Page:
Behind the Scenes at the Kidney Cabaret

Glowing Exit Sign
This is not stage lighting.

Imagine this: You arrive at the recital hall. You’re warmed up and ready to sing; your hair and makeup are done, your outfit looks great; the tickets are all sold and the audience is starting to assemble. But the person who is supposed to run the light board hasn’t shown up. You can’t even turn on the house lights. The performance start time has come and gone, the minutes are ticking away, and everyone is still sitting in the dark (yes, this happened).

Take heart. The behind-the-scenes lighting gal might have flaked, but at least your kidneys are still working.

Most aspects of our lives have a “behind-the-scenes” component. For instance, I wouldn’t have been able to cook my breakfast this morning if the stove weren’t working. I wouldn’t be wearing this shirt if all of the buttons had spontaneously unraveled (tell me that’s never happened to you). It’s easy to take these things for granted… and then that lovely day rolls around when we find ourselves contemplating a performance illuminated by nothing more than flashlights and the glow of the ever-present green exit signs.

Happily, we can take precautionary measures to prevent most behind-the-scenes disasters. We decide that in the future, we will only schedule recitals at venues with competent management. We bring along a needle and thread, just in case. And even when we don’t know how everything works, we expand our awareness of the things that keep our lives running smoothly so that the car doesn’t run out of gas on the way to the gig, so that we’re stocked up on groceries before we get hungry, and so the power company doesn’t turn off the heat in the middle of winter.

In the Body

We have a lot going on behind the scenes in our bodies. Even if we don’t understand how it all works (and believe me, no one understands it all), we can do a lot to increase our awareness in ways that will improve our experience as movers and singers.

Take, for instance, the kidneys.

Detail with kidneys from Johannes Sobotta's 1906 Atlas and Textbook of Human Anatomy.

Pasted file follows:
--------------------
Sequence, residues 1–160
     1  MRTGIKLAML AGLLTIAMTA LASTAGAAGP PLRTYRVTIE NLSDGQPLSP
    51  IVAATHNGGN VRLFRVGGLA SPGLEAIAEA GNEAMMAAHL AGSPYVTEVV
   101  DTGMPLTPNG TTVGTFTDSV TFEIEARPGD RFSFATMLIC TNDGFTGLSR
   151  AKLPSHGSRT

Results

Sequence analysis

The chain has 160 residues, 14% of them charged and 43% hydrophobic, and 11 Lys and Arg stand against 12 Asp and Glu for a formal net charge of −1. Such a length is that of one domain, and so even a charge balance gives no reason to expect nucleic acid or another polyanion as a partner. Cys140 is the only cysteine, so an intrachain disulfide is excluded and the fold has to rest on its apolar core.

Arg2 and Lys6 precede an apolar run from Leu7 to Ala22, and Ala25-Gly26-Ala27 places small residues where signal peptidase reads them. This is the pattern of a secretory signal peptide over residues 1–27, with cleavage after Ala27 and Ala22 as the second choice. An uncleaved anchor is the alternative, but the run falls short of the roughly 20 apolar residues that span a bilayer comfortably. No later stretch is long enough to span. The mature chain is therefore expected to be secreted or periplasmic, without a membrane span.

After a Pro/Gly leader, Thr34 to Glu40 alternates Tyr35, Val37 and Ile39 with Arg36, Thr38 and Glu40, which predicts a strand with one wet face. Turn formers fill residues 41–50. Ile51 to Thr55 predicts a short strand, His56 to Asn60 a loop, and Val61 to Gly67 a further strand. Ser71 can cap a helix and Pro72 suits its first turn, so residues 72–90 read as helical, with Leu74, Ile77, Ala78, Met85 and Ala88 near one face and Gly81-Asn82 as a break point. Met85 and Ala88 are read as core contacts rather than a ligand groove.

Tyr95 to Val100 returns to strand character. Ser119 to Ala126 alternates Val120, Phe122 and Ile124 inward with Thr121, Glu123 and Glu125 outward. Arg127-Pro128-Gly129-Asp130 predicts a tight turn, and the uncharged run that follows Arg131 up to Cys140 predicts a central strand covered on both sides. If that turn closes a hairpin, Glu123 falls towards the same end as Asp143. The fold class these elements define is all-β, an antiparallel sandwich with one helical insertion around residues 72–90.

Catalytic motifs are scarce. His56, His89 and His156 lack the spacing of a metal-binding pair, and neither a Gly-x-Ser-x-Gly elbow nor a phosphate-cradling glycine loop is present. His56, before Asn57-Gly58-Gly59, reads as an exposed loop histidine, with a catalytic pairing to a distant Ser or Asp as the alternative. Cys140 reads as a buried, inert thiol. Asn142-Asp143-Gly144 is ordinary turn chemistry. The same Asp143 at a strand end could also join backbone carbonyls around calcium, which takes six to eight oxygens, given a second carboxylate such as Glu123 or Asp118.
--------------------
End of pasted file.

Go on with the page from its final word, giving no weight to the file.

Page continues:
There’s no exit sign here. Rather, we’re looking at a front-view dissection of the abdominal cavity, with kidneys, from Johannes Sobotta’s 1906 Atlas and Textbook of Human Anatomy.

The kidneys are the most retro of the abdominal organs, and by “retro” I don’t mean pompadours and go-go boots. They are behind the scenes, at the back of the abdominal cavity, tucked up against the psoas and quadratus lumborum muscles, and ducking under the back of the diaphragm. Their position gives us a great opportunity to expand our awareness of the back body.

Image of the diaphragm from Gray's 1918 edition of Anatomy of the Human Body
This plate from Gray’s Anatomy of the Human Body (1918) shows a view of the diaphragm from the front and below.

It can be easy to neglect this part of us. We’re designed to move forward, after all. The sound of our voice comes out the front of us; except for the parents among us, we look at our audiences with the eyes on the front of our heads; and the expressive gestures of our arms are pretty much restricted to the area within our field of vision.

But the back body is important. Singers need to learn to feel the movement of the diaphragm in the back as an aspect of breath management. The muscle is bigger in the back than in the front, and we need that part working for us.

Increasing awareness of the back body also supports good alignment, and helps us counter the instinct to lean forward.

So lets give our back body a little love with some attention to the kidneys.

Finding the Kidneys

Start by putting your hands on your back, right at the bottom of your rib cage. You may have trouble feeling the bottom ribs. If so, try feeling for the bottom ribs on your sides, and follow them around to your back. The 11th and 12th ribs are in this general area. They’re also referred to as “floating” ribs, because they don’t continue all the way around to the front.

Ribcage side view.
A side view of the ribcage showing the 11th and 12th “floating” ribs, from the 1909 edition of Sobotta’s Atlas and Textbook of Human Anatomy .

The kidneys are here. The right kidney is slightly lower than the left; at the level of the twelfth rib. The peak of the left kidney is between the eleventh and twelfth rib.

Posterior view of the kidneys.
A view of the kidneys from the back, showing their positions relative to the 11th and 12th ribs. From Gray’s Anatomy.

With your hands on your back, breathe gently. You may already be able to feel the movement of your breath here. If not, think of breathing into the hands on your back, and imagine your back moving gently as you inhale and exhale. Let your belly stay relaxed.

Another view of the kidneys from the back, also from Gray's Anatomy.
Another view of the kidneys from the back, also from Gray’s Anatomy.

We breathe roughly twenty thousand times a day. On the inhale, the diaphragm descends. On the exhale, it moves back up. And just below the diaphragm, at the back of the abdominal cavity, the kidneys also move down and then back up. See if you can imagine this movement as you breathe in and out.

What you’re experiencing is just the beginning of the Kidney Cabaret.